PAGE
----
Well the Flagship COULD be sporty, however the 3.6R which implies sporty, is not. Heck even the Lexus LS460 Sport now gets Brembo Calipers!

    -mike
  • Hi this is super random but I have been online for literally 2 days now trying to figure out how to fix my car. I have a 2009 Legacy and just put a mid priced air filter on her. ... and she hates it. I can get it running but it dies after about 15 or 20 seconds. If i have the AC on full blast i can keep it running a bit longer but i'm totally confused about why it would be doing this. I have quadruple checked all hoses, gaskets, clamps, etc. I'm thinking about heading out again in a bit to screw with the idle. But yeah. If you'd hit me u[p i'd really appreciate it.
  • paisanpaisan Posts: 21,181
    You either don't have the airbox complete latched (It can be a PITA) or one of the vacum hoses came off during the installation and you missed it. This is fairly common when doing an air filter replacement.

    -mike
    Subaru Guru and Track Instructor
  • xwesxxwesx Fairbanks, AlaskaPosts: 8,398
    Yeah, I was going to suggest the MAF sensor connector or a vacuum hose.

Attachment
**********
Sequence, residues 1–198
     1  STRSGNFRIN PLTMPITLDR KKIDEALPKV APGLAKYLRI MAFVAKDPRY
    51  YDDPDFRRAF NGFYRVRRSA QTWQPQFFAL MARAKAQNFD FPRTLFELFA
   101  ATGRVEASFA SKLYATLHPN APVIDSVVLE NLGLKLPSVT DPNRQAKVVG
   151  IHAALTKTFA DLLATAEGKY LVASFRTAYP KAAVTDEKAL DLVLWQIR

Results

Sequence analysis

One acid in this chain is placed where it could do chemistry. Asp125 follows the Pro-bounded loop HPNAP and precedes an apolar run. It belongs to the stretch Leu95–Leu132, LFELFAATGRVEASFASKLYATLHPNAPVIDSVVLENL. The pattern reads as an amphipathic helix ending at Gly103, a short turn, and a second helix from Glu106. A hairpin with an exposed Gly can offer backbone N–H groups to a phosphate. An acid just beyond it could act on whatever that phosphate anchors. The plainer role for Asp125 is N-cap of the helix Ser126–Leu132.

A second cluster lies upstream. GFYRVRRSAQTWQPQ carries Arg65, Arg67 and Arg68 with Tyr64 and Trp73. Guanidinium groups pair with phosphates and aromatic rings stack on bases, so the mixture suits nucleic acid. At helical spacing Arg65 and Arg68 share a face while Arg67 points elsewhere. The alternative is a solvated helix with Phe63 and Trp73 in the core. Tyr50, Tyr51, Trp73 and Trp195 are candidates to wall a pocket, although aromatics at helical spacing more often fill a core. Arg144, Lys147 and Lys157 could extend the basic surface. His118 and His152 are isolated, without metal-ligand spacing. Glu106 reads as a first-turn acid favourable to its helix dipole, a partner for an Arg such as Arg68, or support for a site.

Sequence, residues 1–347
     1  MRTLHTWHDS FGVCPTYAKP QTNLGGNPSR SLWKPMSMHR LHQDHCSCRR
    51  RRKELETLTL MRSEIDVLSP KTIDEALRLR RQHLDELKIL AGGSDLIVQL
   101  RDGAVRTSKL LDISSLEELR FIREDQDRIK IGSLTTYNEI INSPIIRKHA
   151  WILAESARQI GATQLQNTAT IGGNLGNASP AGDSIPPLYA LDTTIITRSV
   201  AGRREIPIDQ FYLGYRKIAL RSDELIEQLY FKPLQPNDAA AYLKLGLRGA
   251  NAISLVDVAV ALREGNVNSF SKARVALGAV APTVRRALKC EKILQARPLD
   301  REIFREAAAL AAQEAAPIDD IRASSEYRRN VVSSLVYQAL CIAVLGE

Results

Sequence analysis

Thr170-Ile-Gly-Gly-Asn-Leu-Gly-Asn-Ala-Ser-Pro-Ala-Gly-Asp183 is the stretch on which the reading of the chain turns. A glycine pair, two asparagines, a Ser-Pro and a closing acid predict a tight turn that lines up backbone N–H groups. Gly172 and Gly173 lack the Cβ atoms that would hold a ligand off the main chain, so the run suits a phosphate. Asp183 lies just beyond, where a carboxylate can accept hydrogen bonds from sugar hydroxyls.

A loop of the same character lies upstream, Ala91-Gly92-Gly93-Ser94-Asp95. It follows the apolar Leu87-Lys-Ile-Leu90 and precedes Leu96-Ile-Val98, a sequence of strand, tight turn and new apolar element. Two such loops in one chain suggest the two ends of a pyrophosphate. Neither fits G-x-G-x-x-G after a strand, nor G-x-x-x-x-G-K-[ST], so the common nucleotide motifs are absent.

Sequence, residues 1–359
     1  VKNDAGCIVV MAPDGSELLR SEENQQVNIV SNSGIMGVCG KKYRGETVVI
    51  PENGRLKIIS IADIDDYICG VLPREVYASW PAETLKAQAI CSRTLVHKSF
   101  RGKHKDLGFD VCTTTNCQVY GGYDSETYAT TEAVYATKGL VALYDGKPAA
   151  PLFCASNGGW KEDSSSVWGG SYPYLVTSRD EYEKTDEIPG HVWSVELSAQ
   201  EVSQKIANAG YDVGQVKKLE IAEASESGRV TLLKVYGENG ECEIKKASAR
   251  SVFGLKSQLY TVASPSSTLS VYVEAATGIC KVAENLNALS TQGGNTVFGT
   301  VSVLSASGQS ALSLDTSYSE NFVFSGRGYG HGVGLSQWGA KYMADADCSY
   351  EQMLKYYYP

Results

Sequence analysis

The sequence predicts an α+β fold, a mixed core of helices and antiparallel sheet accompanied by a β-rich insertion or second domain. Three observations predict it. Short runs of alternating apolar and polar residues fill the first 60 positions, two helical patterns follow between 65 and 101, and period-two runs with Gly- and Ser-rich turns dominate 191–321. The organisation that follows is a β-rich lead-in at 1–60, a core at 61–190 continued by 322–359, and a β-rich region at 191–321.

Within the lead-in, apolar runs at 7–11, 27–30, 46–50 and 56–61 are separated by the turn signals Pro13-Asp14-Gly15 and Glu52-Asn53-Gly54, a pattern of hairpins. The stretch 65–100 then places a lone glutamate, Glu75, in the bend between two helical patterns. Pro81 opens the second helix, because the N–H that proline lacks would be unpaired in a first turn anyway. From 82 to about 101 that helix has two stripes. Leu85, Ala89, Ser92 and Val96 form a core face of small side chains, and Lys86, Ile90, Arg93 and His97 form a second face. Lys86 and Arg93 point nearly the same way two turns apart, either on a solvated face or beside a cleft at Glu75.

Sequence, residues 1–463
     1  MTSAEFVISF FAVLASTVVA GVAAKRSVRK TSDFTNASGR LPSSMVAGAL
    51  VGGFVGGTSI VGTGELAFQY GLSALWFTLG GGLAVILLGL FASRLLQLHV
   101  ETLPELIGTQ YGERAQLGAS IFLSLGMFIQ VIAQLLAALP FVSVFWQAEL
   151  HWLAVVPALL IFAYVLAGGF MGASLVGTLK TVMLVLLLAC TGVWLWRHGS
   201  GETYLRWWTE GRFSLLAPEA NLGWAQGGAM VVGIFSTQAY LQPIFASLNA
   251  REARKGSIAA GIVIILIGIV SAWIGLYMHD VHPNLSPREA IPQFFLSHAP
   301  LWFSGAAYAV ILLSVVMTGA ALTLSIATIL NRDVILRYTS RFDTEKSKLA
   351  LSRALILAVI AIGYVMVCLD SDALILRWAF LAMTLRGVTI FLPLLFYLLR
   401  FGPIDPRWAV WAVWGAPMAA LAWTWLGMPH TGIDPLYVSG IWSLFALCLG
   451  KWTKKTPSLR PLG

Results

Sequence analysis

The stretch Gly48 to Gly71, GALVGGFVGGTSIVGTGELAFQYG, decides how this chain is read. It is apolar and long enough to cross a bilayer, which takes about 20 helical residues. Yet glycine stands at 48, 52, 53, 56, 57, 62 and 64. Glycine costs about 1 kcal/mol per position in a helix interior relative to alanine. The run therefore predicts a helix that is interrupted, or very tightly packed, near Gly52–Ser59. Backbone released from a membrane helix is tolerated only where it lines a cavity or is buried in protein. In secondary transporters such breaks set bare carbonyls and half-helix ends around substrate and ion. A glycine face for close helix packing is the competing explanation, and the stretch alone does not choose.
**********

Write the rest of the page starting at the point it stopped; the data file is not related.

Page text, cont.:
Definitely do not fiddle with the idle.
  • paisanpaisan Posts: 21,181
    I don't think you can actually adjust the idle on any of the new electronically controlled cars these days. :)

    -mike
  • ateixeiraateixeira Posts: 72,587
    I 2nd the vacuum hose theory.

    That happened to a Subaru Crew member when they did their intake.

    Look closely, even disassemble and reassemble the whole intake, I bet that's it.
  • ingvaringvar Posts: 205
    For a car called a 3.6R as in RACEFor this car "R" means Retired:-) You got slow 0-60 and "comfortable" ride. Some kind of Subary Buick.
  • Gas.

    Sort of obvious.

    C'mon y'all, get with it. ;)

    John
  • asdf9asdf9 Posts: 26
    The 3.6R is so slow. Come on! Some one else measured 0-60 in 7.1
    A second shorter than the charger hemi. And the HEMI and infiniti don't have grip like the Legacy.
  • Motor Trend measured the 3.6R (Limited version, I think) Outback as having a 0-60 time of 7.1 seconds.

    The somewhat lighter 3.6R Legacy is a bit faster - I think I recall seeing 6.5 seconds in a Road & Track article. I would also guess that the 2.5 turbo Legacy with the 6MT would be a bit faster still. But 6.5 seconds is not bad...
  • ateixeiraateixeira Posts: 72,587
    Motorweek reached 60mph in just 5.9 seconds with their GT/Manual.

    That's quick for such a large sedan.